Tuesday, April 6, 2010
To save money, Hetty Green ate her oatmeal cold. Rather than squander soap, she only washed the hem of her garments. When her young son injured his leg, she dressed him in rags and carried him to the charity ward.
Dubbed the Witch of Wall Street, Hetty died in 1916, the richest woman in America. In relative terms, when individual wealth is compared to the overall GDP at a given time, Hetty ranks a little below Bill Gates and well above John D. Rockefeller.
Her son, leg amputated after lack of proper medical care, dedicated his life to squandering the family fortune. It wasn’t easy. Eventually even his toilets wore diamonds.
How much life do we spend just trying not to be our parents. To what ends of the earth would we not go.
I grew up in the subdivisions, the equivalent of today’s gated communities. No matter where in America we moved, the same three or four models followed us across the country: French Provincial, English Tudor, American Colonial -- each distinct from the other primarily in the roofal and garagal areas. The street names always sounded like air fresheners: Lavendar Hill, Heatherton Road, Cedar Glen. “Lemon Mint Lane -- Oh, isn’t that beautiful?” My mom would say.
Things could never be new enough, we could never change houses fast enough, for Mom, who spent her childhood in old homes with old things. Our houses functioned more as placeholder than home, what with the rolled out sod and shoulder-high trees. By the time all the painting was finished, it was time to move.
If you can’t go home again, then which of the dozen or so places can I not go home again to? I began to wonder what it felt like when roots ran deep.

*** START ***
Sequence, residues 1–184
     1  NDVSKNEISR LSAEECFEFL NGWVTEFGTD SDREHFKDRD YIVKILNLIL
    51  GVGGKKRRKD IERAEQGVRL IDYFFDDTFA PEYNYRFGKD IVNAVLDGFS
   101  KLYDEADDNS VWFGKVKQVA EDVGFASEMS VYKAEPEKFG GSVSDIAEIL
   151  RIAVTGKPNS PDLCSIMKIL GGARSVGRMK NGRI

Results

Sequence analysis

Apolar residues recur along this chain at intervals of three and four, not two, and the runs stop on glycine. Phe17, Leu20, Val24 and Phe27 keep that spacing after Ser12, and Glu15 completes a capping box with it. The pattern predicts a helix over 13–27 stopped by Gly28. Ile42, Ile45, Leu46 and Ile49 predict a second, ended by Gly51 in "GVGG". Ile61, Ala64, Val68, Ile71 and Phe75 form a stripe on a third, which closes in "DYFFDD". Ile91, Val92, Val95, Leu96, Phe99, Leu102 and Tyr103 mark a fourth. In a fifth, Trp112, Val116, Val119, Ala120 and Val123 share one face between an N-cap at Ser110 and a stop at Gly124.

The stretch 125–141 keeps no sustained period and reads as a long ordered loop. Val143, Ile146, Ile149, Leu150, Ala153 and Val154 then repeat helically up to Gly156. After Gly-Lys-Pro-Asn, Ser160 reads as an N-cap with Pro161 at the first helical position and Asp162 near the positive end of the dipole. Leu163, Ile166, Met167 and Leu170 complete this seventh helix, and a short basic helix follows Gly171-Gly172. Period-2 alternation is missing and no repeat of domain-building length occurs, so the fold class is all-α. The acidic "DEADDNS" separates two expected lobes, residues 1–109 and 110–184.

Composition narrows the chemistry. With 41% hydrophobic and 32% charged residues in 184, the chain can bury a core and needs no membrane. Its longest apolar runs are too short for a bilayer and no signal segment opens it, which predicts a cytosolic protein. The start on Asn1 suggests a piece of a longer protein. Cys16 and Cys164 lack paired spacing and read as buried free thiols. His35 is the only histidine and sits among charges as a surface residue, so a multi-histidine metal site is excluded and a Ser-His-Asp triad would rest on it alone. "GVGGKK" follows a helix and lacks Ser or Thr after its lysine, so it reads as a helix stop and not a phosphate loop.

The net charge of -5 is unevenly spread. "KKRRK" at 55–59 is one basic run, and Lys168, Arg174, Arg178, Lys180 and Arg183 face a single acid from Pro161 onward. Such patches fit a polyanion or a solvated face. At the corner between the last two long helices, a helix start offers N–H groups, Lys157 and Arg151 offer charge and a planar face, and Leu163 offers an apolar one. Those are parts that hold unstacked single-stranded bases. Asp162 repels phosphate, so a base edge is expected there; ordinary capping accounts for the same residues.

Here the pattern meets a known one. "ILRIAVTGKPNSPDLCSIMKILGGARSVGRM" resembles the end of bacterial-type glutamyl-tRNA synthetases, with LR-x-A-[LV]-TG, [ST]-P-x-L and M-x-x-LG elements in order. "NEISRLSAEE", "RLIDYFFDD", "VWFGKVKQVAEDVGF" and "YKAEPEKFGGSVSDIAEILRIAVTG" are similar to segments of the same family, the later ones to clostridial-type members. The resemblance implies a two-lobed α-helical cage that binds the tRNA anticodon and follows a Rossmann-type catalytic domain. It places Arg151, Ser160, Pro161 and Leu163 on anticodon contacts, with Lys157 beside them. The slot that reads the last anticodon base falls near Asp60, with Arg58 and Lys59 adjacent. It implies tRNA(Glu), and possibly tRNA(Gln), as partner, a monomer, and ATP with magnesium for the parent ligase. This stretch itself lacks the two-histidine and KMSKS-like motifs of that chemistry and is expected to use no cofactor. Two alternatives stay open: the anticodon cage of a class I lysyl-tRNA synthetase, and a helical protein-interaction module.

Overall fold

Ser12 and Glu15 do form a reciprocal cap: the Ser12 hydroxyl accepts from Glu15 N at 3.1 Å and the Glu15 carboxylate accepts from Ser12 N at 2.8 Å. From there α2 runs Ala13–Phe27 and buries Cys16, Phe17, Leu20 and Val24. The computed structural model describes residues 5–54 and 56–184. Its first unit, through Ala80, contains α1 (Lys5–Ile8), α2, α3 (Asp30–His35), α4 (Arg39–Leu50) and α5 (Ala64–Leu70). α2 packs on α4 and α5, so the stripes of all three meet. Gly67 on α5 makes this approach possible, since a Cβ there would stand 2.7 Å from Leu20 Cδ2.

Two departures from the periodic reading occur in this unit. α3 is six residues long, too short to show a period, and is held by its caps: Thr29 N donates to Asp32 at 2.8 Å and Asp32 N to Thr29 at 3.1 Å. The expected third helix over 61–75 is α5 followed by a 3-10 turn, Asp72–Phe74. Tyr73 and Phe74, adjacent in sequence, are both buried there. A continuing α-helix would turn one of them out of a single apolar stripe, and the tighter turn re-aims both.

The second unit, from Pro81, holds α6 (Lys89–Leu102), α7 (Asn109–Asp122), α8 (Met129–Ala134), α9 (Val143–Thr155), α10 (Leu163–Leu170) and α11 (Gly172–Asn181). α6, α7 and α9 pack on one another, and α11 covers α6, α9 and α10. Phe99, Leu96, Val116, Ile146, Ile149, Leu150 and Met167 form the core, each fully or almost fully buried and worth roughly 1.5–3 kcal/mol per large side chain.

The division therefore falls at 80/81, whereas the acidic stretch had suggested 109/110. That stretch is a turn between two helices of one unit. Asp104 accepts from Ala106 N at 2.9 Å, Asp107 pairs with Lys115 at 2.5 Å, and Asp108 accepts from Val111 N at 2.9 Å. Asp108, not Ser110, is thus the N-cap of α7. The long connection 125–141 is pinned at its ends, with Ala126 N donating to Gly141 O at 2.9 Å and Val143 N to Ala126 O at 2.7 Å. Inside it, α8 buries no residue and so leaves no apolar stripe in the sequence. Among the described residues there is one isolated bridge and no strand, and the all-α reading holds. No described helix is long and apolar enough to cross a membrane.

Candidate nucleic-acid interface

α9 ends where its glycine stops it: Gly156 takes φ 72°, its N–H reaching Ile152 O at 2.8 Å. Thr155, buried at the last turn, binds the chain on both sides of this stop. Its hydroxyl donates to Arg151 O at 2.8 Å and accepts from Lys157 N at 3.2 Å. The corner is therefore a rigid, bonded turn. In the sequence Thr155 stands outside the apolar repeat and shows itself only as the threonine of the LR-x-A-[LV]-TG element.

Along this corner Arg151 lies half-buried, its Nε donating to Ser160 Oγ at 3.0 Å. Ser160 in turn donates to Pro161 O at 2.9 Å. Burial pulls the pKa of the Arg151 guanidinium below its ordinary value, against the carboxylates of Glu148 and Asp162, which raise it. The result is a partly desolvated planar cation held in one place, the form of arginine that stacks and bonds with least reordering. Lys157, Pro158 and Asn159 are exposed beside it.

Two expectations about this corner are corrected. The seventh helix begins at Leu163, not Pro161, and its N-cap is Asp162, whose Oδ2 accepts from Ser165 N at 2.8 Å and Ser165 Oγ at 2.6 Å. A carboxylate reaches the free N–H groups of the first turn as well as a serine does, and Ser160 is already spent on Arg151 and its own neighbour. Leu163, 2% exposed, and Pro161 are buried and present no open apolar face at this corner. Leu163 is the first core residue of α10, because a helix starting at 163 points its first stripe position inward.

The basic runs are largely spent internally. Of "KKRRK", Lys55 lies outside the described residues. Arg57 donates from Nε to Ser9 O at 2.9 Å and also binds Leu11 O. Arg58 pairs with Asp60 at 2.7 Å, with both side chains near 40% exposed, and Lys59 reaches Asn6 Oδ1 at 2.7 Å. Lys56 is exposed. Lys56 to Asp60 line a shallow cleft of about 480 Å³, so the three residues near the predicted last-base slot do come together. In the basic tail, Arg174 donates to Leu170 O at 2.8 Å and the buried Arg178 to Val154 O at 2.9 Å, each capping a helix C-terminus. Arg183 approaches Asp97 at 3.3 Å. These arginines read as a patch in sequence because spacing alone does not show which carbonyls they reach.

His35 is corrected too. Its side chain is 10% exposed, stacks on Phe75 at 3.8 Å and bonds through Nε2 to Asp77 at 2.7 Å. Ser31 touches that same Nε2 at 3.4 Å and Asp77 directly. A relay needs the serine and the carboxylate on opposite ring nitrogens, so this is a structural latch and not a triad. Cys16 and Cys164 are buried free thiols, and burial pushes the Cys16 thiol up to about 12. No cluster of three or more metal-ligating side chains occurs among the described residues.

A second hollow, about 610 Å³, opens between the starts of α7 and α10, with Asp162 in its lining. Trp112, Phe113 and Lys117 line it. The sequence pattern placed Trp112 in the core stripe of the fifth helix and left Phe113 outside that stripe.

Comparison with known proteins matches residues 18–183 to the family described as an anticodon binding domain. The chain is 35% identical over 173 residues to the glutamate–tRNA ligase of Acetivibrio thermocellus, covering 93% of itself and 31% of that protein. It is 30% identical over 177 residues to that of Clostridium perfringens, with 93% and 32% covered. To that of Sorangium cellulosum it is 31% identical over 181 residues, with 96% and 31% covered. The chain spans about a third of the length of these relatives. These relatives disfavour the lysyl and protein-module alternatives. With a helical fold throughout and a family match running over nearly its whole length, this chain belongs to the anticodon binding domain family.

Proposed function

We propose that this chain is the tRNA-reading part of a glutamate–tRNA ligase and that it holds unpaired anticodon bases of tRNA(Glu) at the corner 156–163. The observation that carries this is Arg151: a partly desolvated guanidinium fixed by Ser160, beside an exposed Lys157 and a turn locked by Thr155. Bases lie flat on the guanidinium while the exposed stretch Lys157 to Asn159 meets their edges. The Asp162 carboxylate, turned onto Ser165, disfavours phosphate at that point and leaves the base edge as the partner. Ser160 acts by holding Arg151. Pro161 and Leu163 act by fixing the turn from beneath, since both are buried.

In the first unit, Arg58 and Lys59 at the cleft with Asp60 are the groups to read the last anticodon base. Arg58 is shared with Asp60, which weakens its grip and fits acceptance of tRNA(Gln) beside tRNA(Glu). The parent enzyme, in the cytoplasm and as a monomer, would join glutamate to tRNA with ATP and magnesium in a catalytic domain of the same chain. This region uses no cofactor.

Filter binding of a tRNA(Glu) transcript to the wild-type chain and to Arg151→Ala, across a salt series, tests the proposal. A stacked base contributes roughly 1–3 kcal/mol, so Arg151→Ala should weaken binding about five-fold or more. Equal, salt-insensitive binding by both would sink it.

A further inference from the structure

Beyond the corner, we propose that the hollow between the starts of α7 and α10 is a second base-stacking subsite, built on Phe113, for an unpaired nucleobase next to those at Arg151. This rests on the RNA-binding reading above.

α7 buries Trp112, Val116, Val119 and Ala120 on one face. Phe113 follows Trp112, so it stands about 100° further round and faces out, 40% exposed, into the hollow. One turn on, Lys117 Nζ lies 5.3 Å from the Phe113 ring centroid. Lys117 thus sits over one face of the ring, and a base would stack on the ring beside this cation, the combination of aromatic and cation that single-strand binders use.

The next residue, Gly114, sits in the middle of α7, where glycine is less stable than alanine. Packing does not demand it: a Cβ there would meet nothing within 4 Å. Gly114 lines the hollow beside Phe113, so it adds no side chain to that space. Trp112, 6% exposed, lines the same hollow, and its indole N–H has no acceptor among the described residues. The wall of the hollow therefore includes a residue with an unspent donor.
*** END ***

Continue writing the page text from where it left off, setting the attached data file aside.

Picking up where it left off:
When our family drove through a town, the real part of town, 3rd Street for example, on the way to our air-freshener avenues, we’d pass old craftsman or farmhouses built around the 20’s or 30’s, houses that looked like they just might have an Atticus Finch somewhere close by, houses with giant sycamores in the front yard, and tire swings, and people on porches.
I knew families that moved around the country made more money. That I would go to college was a given. With every new city, our future became that much more secure. And families that didn’t move, well, they were the people on porches. Still, I envied them – oh many things. The tree tall and strong enough to support a swing. The porch with its sofas and chairs, a place to sip ice tea on hot summer evenings with the same neighbors, year after year.
It never occurred to me that the kids on porches might have some dreams of their own. Dreams different from mine. Dreams of new houses with the smell of fresh paint and new sod. A place free of baggage, where everything, even treetops, seemed within reach.